Aside from law enforcement, he is also serving as a Major as well as Director of Operations for the 204th Intelligence Squadron of the New Jersey Air National Guard.
He holds a BA in political science from Rutgers University and a MA in Human Resources Training and Development from Seton Hall University. Captain Breiner is a graduate of executive education from the Harvard-Kennedy School of Government. He holds numerous certifications including the Accredited Command Executive, and the ASIS International board certifications of Certified Protection Professional, Professional Certified Investigator, and Physical Security Professional.
After honestly addressing contemporary policing challenges of mistrust in communities, Captain Breiner inspired his audience stating that this was the “best time to be a cop in America.”
He first graciously acknowledged family, friends, and guests. Then, he called upon the future leaders of policing to understand the privilege of their profession. He urged them to lead by example, serve selflessly, and build bridges of trust with the people they serve.
His remarks to a standing room only audience, crystallized police professionalism, dignity, and respect. Breiner stressed that this is a time for police officials to let courage, innovation, dedication, and building bridges of trust stand as the hallmarks of their service.
Aside from his promotion, his Belleville colleagues who were promoted were Lieutenant Edward Zimmerman, Lieutenant Joseph Trabucco, and Sergeant Nicholas Kondreck. Since Captain Breiner is always about others rather than himself, their promotions deserve recognition, as he would have it.
These are indisputably challenging times for policing in America. Yet, as masterfully articulated by Captain Breiner, it certainly is the “best time to be a cop in America” because it is time to build trust in our communities.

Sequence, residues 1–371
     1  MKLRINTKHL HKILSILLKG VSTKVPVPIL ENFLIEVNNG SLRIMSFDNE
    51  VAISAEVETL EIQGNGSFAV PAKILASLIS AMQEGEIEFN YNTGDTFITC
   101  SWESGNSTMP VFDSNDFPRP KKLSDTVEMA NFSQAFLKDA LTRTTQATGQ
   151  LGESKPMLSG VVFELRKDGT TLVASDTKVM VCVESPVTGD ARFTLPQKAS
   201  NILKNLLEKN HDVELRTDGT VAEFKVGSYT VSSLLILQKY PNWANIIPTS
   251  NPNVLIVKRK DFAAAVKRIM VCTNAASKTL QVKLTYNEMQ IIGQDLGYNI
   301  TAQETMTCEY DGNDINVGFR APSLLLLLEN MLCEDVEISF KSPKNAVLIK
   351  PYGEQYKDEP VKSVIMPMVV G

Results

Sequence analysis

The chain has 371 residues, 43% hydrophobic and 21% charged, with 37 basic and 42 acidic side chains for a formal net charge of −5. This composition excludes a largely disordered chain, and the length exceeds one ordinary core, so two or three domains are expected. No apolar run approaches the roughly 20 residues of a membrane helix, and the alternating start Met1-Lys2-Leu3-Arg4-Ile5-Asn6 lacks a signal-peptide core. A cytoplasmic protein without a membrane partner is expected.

In conclusion, I would humbly refer readers to my article titled “Principles of American Policing,” published in the May 1, 2015 edition of the Epoch Times.
The first principle states that “Being pro-police and pro-community are inseparable, indefatigable, and pre-eminent. Police must at all times remain fully committed to protecting and serving the public through character, ethics, and leadership that is total and wholehearted. Police must be guided by a moral compass that honors the community, Constitution, and Bill of Rights.”
America will be on the path to reawakening the nation when this principle, so alive at the Belleville Police Department ceremony, also becomes a reality in communities across our nation.
Vincent J. Bove, CPP, is a national speaker and author on issues critical to America. Bove is a recipient of the FBI Director’s Community Leadership Award for combating crime and violence and is a former confidant of the New York Yankees. His newest book is “Listen to Their Cries.” For more information, see www.vincentbove.com
Views expressed in this article are the opinions of the author and do not necessarily reflect the views of The Epoch Times.